Excellent article by Lilly Fowler of Crosscut reports that prisoners, attorneys and other advocates said the WA Department of Corrections has not only been careless with protocols meant to keep COVID-19 cases in check, but has also lashed out at those who become ill.
They accuse the department of stigmatizing those who become sick with the virus, even as cases skyrocket in prisons and work release facilities across the state. Critics blame the department’s lack of an organized response for the rapid spread of the virus.
Apparently, the Office of the Corrections Ombuds, the state’s watchdog, has already found fault with the Department of Corrections’ response to the COVID-19 outbreak at the Coyote Ridge Corrections Center in Central Washington. Two people there died in June, and more than 300 prisoners and 100 staff have been infected. Coyote Ridge houses approximately 2,500 inmates.
In a report about the COVID-19 outbreak at Coyote Ridge, investigators said that in addition to guards not wearing masks and failing to isolate symptomatic prisoners, inmates had delayed reporting symptoms because they feared harsh conditions in solitary confinement. The two prisoners who died had waited days to report difficulty breathing, according to the investigation.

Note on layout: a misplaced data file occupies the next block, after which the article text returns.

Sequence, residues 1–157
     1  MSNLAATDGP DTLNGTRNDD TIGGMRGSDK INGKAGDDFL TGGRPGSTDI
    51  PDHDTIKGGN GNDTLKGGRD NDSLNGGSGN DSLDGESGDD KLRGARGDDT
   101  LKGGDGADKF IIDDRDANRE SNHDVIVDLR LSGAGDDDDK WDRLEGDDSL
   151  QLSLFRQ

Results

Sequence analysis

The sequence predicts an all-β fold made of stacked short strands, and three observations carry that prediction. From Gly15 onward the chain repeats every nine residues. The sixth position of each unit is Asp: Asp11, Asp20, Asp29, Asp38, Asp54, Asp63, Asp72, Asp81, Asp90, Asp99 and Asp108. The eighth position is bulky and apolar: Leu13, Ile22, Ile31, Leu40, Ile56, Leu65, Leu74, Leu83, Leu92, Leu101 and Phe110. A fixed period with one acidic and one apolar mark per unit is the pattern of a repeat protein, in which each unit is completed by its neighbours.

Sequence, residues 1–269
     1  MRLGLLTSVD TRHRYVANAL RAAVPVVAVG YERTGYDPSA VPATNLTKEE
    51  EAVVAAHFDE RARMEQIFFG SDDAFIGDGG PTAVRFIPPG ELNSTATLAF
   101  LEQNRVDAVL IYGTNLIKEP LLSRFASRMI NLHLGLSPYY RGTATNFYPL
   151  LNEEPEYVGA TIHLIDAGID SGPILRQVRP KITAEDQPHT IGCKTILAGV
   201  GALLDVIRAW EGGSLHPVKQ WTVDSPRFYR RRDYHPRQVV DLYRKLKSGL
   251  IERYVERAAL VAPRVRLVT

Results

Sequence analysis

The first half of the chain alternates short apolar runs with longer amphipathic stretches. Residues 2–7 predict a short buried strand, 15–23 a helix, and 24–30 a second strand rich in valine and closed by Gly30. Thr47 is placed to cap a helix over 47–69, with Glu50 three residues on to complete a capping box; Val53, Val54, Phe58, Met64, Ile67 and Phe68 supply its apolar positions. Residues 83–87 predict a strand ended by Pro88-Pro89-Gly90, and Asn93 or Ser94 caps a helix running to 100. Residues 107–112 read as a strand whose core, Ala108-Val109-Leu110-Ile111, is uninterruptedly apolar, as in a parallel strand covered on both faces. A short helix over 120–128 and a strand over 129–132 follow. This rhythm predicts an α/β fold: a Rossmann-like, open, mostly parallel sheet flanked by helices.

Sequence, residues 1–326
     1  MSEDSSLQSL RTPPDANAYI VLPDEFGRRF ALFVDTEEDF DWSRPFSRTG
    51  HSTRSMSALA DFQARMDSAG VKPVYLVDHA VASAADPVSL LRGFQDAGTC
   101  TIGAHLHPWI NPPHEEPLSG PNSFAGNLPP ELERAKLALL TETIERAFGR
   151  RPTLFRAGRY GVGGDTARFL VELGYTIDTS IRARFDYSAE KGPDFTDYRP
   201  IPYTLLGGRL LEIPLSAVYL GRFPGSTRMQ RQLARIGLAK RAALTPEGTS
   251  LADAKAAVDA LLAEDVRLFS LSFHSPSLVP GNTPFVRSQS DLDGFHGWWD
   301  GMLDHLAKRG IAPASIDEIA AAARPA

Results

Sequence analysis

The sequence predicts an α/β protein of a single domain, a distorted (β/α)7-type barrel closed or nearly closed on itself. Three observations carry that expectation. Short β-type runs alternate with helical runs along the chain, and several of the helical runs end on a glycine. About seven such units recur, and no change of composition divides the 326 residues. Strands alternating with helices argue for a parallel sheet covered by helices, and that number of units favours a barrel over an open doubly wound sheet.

That same summer, families of prisoners accused the Department of Corrections of retaliating against six men who contracted the virus and were housed at Reynolds Work Release in downtown Seattle. Similar to other inmates at the Bishop Lewis Work Release facility, the so-called Reynolds six were sent back to prison. Although they were eventually released, the men had been singled out in part because they are Black, Muslim or Indigenous, their families said.
According to reporter Lilly Fowler, critics say the situation at Bishop Lewis shows that the Department of Corrections’ response to the pandemic isn’t improving even nearly a year into the public health emergency. Instead, the same patterns are emerging. They argue it’s time for Gov. Jay Inslee to reconsider doing more to reduce the prison population, or at the very least ensure those who become ill and speak up aren’t retaliated against.
My opinion? The Coronavirus Pandemic has threatened to turn jail sentences into death sentences. Therefore, anyone involved in the criminal justice system should do their very best to avoid jails and prisons. Convicted defendants who are sentenced to jail should seek jail alternatives. And anyone who is in jail facing criminal charges who can make bail should make bail, or at least get bail lowered to an affordable amount.
Please review my Legal Guide titled Making Bail and contact my office if you, a friend or family member are charged with a crime. Hiring an effective and competent defense attorney is the first and best step toward justice.